Had the NFL had the same rigorous testing as cycling, the Carolina Panthers might have showed up for Super Bowl XXXVIII a little shorthanded. As it turned out, several Panthers reportedly used performance-enhancing drugs during the 2003 season, and two of them allegedly had prescriptions for steroids filled right before they appeared in the Super Bowl. And while we can make all the jokes we want about Floyd Landis, last year's Tour champion, the most glorified record in American sports is on the verge of being shattered by a man with numerous ties to performance-enhancing drugs. Tour officials already don't recognize Landis as the champion and are pushing the United States Anti-Doping Agency to strip Landis of the title. Bud Selig wishes he had such an option with Barry Bonds.

SeattlePI.Com writes of disillusioned young cyclists, and too many heroes with feet of clay.

Cycling Fans Anonymous has more details of Sinkewitz, not seen by us before, nor attributed, but they sound plausible:
Now ex-T-Mobiler Patrik Sinkewitz has declined to have his B sample tested and has admitted to using testosterone gel during the June T-Mobile training camp where he was tested. He said that on the day before his test he had used Testogel made by the firm Jenapharm which is meant to help people suffering from testosterone deficiency. During the intense training of the camp, he used the T to speed up his recovery. He was fired from T-Mobile today and his actions (along with everything else) may spell the end of T-Mobile's sponsorship of the team.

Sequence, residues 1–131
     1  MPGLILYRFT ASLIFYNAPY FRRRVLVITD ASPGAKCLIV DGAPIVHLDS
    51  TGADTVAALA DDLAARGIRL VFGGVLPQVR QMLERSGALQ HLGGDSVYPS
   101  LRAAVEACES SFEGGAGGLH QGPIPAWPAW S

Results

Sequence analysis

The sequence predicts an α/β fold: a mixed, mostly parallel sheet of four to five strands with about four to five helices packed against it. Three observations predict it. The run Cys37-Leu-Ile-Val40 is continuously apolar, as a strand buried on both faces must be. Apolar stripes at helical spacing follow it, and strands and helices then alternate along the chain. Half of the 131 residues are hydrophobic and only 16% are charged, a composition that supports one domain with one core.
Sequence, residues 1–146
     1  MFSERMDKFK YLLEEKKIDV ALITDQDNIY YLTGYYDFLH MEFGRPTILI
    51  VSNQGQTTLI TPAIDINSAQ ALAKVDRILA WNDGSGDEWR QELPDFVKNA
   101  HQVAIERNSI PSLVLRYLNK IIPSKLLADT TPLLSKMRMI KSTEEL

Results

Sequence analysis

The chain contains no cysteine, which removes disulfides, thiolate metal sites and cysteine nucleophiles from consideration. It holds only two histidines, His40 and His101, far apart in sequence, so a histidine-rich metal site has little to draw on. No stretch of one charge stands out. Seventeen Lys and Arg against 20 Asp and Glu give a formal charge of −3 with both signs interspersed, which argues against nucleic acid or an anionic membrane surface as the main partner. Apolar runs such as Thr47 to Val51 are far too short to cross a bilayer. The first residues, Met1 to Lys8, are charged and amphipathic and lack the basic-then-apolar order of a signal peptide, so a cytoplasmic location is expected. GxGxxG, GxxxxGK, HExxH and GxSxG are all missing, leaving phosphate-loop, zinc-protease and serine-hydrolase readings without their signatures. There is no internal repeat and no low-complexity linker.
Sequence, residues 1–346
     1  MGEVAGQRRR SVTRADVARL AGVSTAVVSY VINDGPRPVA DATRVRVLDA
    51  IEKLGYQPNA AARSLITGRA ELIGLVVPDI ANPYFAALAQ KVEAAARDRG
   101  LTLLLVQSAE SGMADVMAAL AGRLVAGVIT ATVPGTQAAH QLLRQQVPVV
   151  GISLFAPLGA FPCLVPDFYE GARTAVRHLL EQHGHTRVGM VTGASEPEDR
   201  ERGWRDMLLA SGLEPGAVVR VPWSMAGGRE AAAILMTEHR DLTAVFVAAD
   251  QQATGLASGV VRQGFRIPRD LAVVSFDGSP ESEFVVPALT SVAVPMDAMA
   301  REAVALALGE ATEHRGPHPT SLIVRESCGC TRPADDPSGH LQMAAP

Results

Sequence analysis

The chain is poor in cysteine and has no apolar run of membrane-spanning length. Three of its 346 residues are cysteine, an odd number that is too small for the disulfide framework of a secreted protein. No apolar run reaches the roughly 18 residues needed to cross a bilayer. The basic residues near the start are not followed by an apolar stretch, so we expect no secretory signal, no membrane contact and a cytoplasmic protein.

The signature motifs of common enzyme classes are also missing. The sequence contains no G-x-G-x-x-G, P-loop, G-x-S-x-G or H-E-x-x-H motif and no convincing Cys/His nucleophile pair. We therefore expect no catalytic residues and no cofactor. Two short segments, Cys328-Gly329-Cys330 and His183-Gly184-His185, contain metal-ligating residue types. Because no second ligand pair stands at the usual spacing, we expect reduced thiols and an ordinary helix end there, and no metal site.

Testosterone gel was USADAs main theory for what Landis did, so it would be interesting to get Sinkewitz's results to compare. Fat chance.

Rant shares a few of his thoughts from yesterday evening.

Witty and Vibrant
thinks that Floyd Landis is just another in a long line of two wheeled junkies.

Steve Lavey is disgusted with professional cycling, and now it's official.

Steroid Nation writes that one year after the most embarrassing event in Tour de France history, the positive PED test of winner Floyd Landis, there is now a laundry list from this year's event that makes it pale by comparison.

She Didn't Have Time
is very happy with the Discovery team's results this year in the TdF, but she is unable to understand why, with last year's Landis saga still dragging on, competitors thought they could get away with doping.

notes ESPN's hypocrisy in the way it covers the Barry Bonds home run story juxtaposed to the way it covers, or doesn't cover, the Tour de France .

CFA is not taking any bets when it comes to the Leadville 100 and the Lance vs Floyd drama. Who knows who will show up and in what kind of condition they will be in?

Christopher Sacco thinks that you can't tell if someone is using steroids by j just looking at them, take Floyd Landis for instance.

Gravitation to the Corner Bar
wonders whatever happened to Floyd Landis anyway.

Suitcase of Courage converts cycling wattage output to horsepower so that people can understand better what it takes to ride in the pro peloton: